Pandemic influenza in Australia

using telephone surveys to measure perceptions of threat and willingness to comply

Margo Barr*, Beverley Raphael, Melanie Taylor, Garry Stevens, Louisa Jorm, Michael Giffin, Sanja Lujic

*Corresponding author for this work

Research output: Contribution to journalArticle

62 Citations (Scopus)
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Abstract

Background: Baseline data is necessary for monitoring how a population perceives the threat of pandemic influenza, and perceives how it would behave in the event of pandemic influenza. Our aim was to develop a module of questions for use in telephone health surveys on perceptions of threat of pandemic influenza, and on preparedness to comply with specific public health behaviours in the event of pandemic influenza. Methods: A module of questions was developed and field tested on 192 adults using the New South Wales Department of Health's in-house Computer Assisted Telephone Interviewing (CATI) facility. The questions were then modified and re field tested on 202 adults. The module was then incorporated into the New South Wales Population Health Survey in the first quarter of 2007. A representative sample of 2,081 adults completed the module. Their responses were weighted against the state population. Results: The reliability of the questions was acceptable with kappa ranging between 0.25 and 0.51. Overall 14.9% of the state population thought pandemic influenza was very or extremely likely to occur; 45.5% were very or extremely concerned that they or their family would be affected by pandemic influenza if it occurred; and 23.8% had made some level of change to the way they live their life because of the possibility of pandemic influenza. In the event of pandemic influenza, the majority of the population were willing to: be vaccinated (75.4%), be isolated (70.2%), and wear a face mask (59.9%). People with higher levels of threat perception are significantly more likely to be willing to comply with specific public health behaviours. Conclusion: While only 14.9% of the state population thought pandemic influenza was very or extremely likely to occur, a significantly higher proportion were concerned for self and family should a pandemic actually occur. The baseline data collected in this survey will be useful for monitoring changes over time in the population's perceptions of threat, and preparedness to comply with specific public health behaviours.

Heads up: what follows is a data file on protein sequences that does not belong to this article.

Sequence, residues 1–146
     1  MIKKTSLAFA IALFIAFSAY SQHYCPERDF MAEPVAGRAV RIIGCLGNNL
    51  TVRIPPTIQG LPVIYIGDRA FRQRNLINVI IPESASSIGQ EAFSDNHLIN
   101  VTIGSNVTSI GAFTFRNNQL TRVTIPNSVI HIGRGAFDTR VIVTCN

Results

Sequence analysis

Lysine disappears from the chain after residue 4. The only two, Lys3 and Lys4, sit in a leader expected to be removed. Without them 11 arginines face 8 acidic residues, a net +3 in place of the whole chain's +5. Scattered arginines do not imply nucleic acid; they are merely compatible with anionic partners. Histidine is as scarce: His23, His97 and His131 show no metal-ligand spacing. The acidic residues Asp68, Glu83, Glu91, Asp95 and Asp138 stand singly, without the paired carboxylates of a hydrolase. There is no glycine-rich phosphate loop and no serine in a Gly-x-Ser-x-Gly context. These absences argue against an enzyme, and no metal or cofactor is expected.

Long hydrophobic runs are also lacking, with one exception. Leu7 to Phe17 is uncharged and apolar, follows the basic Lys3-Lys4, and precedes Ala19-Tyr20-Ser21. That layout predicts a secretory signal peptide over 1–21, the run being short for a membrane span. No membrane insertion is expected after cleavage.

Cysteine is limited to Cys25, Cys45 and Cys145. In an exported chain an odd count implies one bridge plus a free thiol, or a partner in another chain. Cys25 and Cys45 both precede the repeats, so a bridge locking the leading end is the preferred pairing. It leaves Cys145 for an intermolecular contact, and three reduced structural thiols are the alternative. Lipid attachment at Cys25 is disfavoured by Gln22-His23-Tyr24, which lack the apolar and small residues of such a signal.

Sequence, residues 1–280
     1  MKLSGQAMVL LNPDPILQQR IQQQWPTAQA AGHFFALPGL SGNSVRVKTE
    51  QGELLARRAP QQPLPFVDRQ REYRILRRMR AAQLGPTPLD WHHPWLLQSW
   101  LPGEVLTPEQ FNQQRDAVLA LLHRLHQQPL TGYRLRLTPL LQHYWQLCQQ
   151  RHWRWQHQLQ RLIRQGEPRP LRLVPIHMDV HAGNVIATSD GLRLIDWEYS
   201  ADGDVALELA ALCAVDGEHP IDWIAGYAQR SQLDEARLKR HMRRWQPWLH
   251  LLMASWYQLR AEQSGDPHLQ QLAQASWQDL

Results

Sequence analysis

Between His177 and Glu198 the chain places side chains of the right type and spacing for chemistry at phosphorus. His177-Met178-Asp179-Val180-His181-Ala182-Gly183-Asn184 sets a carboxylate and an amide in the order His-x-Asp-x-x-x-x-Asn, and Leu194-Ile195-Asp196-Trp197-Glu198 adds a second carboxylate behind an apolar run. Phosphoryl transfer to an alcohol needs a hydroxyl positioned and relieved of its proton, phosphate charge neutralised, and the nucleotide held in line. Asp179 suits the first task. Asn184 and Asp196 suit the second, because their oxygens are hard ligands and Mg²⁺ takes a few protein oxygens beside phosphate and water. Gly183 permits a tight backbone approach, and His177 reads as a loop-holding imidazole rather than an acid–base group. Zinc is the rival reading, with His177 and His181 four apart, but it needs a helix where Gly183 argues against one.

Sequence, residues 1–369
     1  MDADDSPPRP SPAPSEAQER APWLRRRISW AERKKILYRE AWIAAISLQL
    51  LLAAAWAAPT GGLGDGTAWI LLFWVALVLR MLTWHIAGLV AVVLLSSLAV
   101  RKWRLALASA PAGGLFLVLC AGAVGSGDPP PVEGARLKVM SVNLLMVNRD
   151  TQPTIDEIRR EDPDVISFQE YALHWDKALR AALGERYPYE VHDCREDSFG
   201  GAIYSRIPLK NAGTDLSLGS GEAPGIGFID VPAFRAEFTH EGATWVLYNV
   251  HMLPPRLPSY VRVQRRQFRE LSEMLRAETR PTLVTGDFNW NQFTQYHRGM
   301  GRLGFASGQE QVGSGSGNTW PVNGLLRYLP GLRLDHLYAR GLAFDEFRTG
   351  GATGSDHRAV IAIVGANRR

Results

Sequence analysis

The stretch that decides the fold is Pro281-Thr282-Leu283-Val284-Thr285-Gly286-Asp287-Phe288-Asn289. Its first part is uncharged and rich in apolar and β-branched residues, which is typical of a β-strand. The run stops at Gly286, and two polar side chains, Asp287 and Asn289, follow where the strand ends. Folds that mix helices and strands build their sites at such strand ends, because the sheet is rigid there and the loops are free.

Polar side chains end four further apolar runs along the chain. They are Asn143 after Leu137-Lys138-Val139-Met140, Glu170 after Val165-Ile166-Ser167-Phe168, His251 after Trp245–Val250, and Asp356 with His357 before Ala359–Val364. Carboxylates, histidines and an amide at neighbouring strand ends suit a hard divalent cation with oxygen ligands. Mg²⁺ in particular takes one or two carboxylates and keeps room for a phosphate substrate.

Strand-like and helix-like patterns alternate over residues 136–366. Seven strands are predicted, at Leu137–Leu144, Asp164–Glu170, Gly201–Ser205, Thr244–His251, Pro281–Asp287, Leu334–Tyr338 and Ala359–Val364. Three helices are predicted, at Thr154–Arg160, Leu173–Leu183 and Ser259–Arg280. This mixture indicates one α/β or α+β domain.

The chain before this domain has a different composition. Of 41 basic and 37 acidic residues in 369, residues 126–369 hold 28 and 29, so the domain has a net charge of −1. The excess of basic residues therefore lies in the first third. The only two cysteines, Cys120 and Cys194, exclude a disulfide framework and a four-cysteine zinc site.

Original languageEnglish
Article number117
Pages (from-to)1-14
Number of pages14
JournalBMC Infectious Diseases
Volume8
DOIs
Publication statusPublished - 15 Sep 2008
Externally publishedYes

Bibliographical note

Copyright the Author(s) 2008. Version archived for private and non-commercial use with the permission of the author/s and according to publisher conditions. For further rights please contact the publisher.

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